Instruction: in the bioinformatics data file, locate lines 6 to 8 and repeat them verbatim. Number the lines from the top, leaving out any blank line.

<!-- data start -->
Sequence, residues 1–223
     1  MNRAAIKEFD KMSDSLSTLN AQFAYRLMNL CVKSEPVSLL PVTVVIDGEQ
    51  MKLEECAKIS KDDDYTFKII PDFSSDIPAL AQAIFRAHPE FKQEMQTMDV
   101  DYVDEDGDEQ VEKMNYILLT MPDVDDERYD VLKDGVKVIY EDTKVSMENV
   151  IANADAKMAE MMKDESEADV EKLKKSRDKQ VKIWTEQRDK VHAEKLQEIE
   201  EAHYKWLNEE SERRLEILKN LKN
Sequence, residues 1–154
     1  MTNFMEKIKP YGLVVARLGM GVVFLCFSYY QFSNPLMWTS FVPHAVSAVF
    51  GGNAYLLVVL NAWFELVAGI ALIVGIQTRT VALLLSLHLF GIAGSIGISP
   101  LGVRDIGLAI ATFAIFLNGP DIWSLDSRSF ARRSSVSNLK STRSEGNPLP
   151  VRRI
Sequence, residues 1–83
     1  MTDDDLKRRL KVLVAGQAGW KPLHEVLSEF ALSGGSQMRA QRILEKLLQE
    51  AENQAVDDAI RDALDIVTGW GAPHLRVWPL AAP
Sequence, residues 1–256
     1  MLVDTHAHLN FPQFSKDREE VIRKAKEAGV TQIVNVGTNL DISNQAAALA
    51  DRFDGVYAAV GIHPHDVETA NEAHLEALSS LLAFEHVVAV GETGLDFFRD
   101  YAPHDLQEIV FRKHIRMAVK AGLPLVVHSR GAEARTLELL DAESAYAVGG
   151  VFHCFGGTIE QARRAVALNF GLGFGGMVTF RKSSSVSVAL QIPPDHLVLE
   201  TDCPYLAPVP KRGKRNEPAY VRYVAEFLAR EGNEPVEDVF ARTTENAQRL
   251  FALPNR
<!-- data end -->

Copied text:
   201  EAHYKWLNEE SERRLEILKN LKN
Sequence, residues 1–154
     1  MTNFMEKIKP YGLVVARLGM GVVFLCFSYY QFSNPLMWTS FVPHAVSAVF